That also causes the natural radioactivity to accumulate, Poister said.

"It's higher in radioactive readings than can be accepted in landfills in Pennsylvania," he said.

Matt Pitzarella, a spokesman for Range Resources, said the radioactivity levels in the sludge measured "between 40 and 260 microrems per hour" and were not detectable a few feet from the source. The sludge came in two containers capable of hauling 36 tons of material in total, though the boxes were not full, he said.

According the U.S. Environmental Protection Agency, continued, long-term exposure over a period of months to up to 100 microrems of radiation can lead to health effects including changes in blood chemistry, nausea, fatigue, vomiting, hair loss, diarrhea and bleeding.

"There is no firm basis for setting a 'safe' level of exposure above background" radiation, the EPA's website states.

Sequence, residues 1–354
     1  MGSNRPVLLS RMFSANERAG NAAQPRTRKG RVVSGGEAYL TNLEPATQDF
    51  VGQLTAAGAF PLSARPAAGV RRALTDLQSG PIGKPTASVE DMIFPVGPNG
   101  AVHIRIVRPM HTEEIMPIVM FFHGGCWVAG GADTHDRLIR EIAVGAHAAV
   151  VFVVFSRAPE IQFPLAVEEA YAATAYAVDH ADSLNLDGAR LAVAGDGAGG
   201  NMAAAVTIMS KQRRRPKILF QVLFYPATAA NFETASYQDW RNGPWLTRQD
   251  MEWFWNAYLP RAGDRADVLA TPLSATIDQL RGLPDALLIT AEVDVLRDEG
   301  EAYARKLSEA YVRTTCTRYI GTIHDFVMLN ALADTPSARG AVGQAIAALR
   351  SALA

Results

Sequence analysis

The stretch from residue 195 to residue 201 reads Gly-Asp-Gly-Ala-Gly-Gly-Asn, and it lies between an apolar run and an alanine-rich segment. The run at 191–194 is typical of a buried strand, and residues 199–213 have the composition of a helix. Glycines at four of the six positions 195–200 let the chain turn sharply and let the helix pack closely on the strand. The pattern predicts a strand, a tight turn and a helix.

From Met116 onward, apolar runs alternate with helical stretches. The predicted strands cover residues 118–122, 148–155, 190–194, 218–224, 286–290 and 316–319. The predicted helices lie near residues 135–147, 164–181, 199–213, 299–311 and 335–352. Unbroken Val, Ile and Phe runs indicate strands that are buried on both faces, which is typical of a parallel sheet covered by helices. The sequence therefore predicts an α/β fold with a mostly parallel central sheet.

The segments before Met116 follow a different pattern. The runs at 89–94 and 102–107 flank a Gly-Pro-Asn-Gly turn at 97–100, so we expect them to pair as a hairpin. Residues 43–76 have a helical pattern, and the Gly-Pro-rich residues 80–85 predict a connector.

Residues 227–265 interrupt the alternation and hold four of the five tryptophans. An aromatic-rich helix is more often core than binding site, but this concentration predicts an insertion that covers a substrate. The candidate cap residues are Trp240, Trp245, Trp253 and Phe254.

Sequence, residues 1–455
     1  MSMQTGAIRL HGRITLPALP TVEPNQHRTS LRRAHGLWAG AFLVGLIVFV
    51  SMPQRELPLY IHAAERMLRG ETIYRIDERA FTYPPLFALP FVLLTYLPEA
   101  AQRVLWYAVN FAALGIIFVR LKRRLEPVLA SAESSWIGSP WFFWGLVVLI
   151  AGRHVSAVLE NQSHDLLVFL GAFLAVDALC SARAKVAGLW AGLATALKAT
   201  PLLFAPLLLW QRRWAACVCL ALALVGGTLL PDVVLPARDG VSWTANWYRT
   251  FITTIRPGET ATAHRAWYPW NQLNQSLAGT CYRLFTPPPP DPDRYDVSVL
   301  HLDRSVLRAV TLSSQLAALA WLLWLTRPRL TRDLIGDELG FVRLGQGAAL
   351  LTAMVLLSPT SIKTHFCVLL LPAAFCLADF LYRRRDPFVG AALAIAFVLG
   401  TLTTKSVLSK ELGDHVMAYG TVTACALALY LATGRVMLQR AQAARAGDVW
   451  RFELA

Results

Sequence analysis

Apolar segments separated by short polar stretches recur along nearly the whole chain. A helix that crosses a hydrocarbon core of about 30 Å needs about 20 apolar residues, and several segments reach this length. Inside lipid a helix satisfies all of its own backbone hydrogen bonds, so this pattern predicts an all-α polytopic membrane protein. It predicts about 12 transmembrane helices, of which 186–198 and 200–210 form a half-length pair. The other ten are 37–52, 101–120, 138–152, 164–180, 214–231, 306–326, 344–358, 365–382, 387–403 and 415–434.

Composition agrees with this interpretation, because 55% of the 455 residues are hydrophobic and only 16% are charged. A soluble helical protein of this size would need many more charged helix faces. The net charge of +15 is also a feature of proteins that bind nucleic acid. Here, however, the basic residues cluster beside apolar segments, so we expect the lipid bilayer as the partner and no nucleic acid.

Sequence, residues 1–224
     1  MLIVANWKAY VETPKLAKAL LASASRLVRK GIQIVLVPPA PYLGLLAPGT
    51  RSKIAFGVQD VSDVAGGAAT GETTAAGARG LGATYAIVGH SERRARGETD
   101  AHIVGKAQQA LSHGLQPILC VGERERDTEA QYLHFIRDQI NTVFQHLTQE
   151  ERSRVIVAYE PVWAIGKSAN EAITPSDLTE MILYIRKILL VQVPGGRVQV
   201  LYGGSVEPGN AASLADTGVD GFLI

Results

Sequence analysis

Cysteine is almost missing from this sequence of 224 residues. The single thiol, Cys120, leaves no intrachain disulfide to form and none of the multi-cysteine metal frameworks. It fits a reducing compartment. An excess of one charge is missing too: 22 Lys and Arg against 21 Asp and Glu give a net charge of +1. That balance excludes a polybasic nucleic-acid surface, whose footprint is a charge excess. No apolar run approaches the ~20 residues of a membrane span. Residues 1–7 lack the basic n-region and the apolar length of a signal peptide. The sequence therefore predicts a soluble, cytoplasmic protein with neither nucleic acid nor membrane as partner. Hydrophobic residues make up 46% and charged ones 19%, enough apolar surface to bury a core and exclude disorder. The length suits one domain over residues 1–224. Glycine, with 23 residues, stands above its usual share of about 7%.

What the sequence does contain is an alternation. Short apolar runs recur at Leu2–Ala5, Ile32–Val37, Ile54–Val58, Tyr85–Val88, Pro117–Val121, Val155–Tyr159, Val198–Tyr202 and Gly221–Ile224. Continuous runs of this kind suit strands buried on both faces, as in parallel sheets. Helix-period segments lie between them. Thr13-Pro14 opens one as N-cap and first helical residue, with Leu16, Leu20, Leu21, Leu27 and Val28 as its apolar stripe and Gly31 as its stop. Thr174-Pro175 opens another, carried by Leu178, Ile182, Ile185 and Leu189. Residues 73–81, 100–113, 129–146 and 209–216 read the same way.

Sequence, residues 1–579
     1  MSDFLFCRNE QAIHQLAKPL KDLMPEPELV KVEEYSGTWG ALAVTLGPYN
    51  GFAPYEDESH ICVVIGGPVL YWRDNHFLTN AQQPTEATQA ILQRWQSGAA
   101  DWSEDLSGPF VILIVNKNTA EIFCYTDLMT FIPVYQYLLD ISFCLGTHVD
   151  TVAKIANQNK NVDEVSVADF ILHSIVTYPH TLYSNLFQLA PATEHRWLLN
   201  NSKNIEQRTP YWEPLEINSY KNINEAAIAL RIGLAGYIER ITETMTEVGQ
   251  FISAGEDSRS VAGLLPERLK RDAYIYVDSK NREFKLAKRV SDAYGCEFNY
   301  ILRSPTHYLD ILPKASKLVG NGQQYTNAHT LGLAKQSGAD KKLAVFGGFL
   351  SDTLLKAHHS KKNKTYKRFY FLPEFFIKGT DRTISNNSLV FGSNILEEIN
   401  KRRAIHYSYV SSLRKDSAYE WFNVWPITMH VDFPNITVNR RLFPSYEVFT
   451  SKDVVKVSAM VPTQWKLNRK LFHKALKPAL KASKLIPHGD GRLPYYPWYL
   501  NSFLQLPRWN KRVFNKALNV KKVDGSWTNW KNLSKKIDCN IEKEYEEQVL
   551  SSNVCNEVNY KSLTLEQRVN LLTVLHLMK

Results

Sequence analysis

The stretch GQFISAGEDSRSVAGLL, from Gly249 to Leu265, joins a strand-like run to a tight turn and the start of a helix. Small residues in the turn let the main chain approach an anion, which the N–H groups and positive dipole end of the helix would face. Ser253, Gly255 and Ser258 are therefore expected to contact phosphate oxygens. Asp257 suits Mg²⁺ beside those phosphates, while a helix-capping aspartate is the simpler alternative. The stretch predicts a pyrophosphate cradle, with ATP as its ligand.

Pitzarella said the undetectability of the radiation just a few from the storage tanks "further indicates no risk to worker or community health or safety."

'Responsible operation'

Wayne Disposal received approval from the Michigan Department of Environmental Quality to accept the material in 2006. DEQ had no involvement with last week's Pennsylvania fracking waste shipment, agency spokesman Brad Wurfel said.

"It's got components from gas and oil development, including low radioactive constituents, that require special handling, but the levels are not high enough to warrant a public health threat," he said.